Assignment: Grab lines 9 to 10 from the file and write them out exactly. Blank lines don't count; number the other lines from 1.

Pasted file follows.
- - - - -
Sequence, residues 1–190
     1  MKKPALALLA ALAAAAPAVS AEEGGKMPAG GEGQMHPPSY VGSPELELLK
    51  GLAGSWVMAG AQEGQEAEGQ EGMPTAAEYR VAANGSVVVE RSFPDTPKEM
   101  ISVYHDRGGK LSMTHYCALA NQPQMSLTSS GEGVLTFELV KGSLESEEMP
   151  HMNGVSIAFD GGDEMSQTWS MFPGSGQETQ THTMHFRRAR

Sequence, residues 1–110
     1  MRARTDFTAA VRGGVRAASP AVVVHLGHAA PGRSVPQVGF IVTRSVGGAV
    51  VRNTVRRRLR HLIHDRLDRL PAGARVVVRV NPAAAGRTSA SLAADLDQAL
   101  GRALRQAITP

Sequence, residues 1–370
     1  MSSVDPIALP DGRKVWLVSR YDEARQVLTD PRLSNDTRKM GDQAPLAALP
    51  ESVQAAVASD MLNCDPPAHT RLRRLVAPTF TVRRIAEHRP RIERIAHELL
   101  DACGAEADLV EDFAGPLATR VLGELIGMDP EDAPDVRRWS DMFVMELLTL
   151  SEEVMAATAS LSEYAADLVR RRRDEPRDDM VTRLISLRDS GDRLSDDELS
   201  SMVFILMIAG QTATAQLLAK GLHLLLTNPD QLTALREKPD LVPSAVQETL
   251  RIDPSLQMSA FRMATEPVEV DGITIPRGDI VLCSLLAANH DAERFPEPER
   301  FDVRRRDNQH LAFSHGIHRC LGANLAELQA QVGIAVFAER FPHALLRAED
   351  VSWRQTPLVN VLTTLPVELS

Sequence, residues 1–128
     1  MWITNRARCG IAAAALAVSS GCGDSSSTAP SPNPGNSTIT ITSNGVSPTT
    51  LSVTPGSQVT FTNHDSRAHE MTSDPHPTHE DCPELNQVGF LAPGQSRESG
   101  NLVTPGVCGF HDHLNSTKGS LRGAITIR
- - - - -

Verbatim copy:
   101  GRALRQAITP

Sequence, residues 1–370